2. Materials and Methods

2.1. Materials

The organic residue that was used in this study was derived from the lab-scale SS-AD of livestock waste. The lab-scale SS-AD test was conducted for one-stage mode, batch reactors in the form of 300 mL glass bottles. All experiments were performed in duplicate (a total of 30 samples). The initial TS of all SS-AD reactors were set to 20%. The bottles were incubated at a mesophilic temperature (37 ± 1°C) for 30 d. The biogas yield of the system produced 0.3–0.5 m3/kg-volatile matter. Table 1 provides the characteristics of raw feedstock as livestock waste and organic residue.

2.2. Lab-scale Hydrothermal Carbonization Reactor

A lab-scale HTC reactor was used to investigate the effects of the hydrothermal reaction temperatures. The experiments were performed using a 2,000 mL reactor consisting of a reactor body, a heater, and a steam condenser that operated under nitrogen gas. A 1,000 mL of SS-AD byproduct was mixed with a 300 mL of water and then loaded onto the reactor. The operating temperatures of the HTC reactor were 180–240°C, and the reaction time was set to 30 min, with a 200 rpm agitation speed. After the completion of the hydrothermal reaction, the pressure and temperature were allowed to decrease to atmospheric pressure and room temperature, respectively, and the products were taken out of the reactor.

2.3. Analytical Procedures

The dewaterablity of the product of HTC was evaluated by measuring the capillary suction time (CST) and time to filter (TTF). The CST was determined using an improvised CST apparatus (model 319 Multi-purpose CST, Triton Electronics Ltd.) with single-radius test and CST paper (size: 79 cm, quantity: 200 approx., Triton Electronics Ltd.). The TTF was measured according to the Standard Methods [20]. Organic residue of SS-AD and HTC hydrochars were prepared as powder-material which were sieved, and a fraction with a particle size between 177 μm and 250 μm was set aside for analysis. Elemental composition analysis of the sample was carried out using an EA 2400 Series II CHNS/O organic elemental analyzer (PerkinElmer, Waltham, MA, USA). Proximate analysis was conducted using a 5E-MAG6700 automatic proximate analyzer. The calorific value was determined using the bomb calorimetric standard method. The combustion characteristics were determined by using a thermogravimetric analyzer (TGA-Q500, TA Instruments). Non-isothermal combustion of the samples was conducted in the furnace of the TGA system at atmospheric pressure. The sample weight loss (TG) and the weight loss rate (DTG) were continuously recorded under a temperature range of 50–800°C and at a heating rate of 10°C/min.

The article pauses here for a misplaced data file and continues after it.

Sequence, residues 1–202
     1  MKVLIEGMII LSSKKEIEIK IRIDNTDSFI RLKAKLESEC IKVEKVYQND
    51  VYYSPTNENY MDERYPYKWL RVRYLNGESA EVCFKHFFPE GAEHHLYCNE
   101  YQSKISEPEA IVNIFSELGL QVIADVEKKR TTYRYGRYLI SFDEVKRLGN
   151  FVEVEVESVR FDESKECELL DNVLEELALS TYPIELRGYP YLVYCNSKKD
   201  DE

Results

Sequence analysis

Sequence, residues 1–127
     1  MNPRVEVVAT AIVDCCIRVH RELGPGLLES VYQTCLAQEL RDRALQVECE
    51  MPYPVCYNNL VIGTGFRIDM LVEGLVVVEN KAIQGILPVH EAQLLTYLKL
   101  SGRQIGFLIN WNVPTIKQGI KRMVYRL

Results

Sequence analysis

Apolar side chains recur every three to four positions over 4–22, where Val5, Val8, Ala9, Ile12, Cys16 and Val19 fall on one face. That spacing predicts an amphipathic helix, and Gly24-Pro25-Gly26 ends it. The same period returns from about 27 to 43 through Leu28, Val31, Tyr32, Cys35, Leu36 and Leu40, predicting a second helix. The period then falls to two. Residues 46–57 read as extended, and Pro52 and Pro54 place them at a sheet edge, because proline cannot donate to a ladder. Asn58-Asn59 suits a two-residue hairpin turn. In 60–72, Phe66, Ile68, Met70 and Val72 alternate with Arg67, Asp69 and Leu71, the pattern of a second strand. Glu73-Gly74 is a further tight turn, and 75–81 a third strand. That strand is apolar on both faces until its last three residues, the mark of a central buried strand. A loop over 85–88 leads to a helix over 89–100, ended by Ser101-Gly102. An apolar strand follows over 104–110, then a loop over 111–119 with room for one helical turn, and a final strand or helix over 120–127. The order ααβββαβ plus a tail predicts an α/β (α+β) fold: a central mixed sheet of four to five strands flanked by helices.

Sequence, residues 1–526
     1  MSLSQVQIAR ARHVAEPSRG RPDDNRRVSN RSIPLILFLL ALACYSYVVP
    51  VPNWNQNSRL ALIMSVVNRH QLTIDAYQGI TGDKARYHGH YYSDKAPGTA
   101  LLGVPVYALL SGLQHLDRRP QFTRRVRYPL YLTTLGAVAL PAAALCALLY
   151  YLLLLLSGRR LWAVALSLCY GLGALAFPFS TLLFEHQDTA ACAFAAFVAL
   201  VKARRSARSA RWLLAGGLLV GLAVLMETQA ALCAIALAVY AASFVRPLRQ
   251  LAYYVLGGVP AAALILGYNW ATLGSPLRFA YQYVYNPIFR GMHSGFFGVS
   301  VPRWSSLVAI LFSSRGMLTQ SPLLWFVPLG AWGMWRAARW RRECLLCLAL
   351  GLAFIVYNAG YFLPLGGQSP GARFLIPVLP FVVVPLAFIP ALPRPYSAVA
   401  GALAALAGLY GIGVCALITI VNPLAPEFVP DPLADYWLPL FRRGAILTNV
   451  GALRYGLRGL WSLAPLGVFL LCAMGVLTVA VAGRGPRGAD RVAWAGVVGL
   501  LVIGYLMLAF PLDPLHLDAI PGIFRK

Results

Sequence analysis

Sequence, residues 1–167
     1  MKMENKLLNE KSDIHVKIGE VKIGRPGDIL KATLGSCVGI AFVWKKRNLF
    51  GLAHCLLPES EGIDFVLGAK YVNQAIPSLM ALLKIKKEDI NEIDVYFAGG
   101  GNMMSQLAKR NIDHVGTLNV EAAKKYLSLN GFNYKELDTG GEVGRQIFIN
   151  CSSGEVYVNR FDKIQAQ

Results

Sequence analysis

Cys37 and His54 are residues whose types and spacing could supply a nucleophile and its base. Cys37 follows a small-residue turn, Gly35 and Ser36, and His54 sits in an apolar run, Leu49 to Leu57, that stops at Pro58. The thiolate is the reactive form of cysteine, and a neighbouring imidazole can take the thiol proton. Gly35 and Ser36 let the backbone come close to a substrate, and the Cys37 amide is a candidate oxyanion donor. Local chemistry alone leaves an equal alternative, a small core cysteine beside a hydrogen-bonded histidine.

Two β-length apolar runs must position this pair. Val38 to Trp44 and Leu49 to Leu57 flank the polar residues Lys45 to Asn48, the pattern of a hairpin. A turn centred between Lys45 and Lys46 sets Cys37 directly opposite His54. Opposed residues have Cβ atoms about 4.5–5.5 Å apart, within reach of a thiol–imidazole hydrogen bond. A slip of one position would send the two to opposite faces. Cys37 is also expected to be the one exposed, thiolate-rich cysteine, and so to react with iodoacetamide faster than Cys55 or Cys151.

3. Results and Discussion

3.1. Improvement of the Dewaterability

The SS-AD byproduct retained high moisture content, which is the primary challenge in the isolation of the organic materials after SS-AD. Interstitial water and surface water as bound water are held by capillary forces between the particles and cannot be easily separated by normal mechanical methods. In contrast, the free water surrounding the flocks can be easily removed. The improvement of the deweterability means that the bound water is converted to free water to remove the water content the organic residue of SS-AD. The organic residues of SS-AD consist of many particles in the flock as a single large particle, such as that with a sludge flock shape. The HTC process breaks up the physical structure of the slurry phase included in the sludge and biomass [1719].
In this study, the CST analysis estimated the effects of the HTC in improving the dewaterability of the organic residues of SS-AD. The results of the CST and TTF analyses are shown in Fig. 1. CST and TTF analyses of raw organic residues of SS-AD are difficult to conduct because the slurry phase of the material is less accurate. In this study, the CST and TTF of the HTC product at 180°C were more than 520 and 200 s, respectively. At above the 200°C of HTC reaction temperature, the CST and TTF were 61 and 55 s at 200°C, and 17 and 14 s at 220°C, respectively. The CST and TTF results closely corresponded to the presence of bound water content and hydrophobicity [1718, 21]. HTC converted the physical structure of the organic residues of SS-AD, which were broken down to convert the bound water to free water. The decreasing CST and TTF owing to these influences confirmed that the HTC process increased the sludge dewaterability.

3.2. Upgrading the Fuel Properties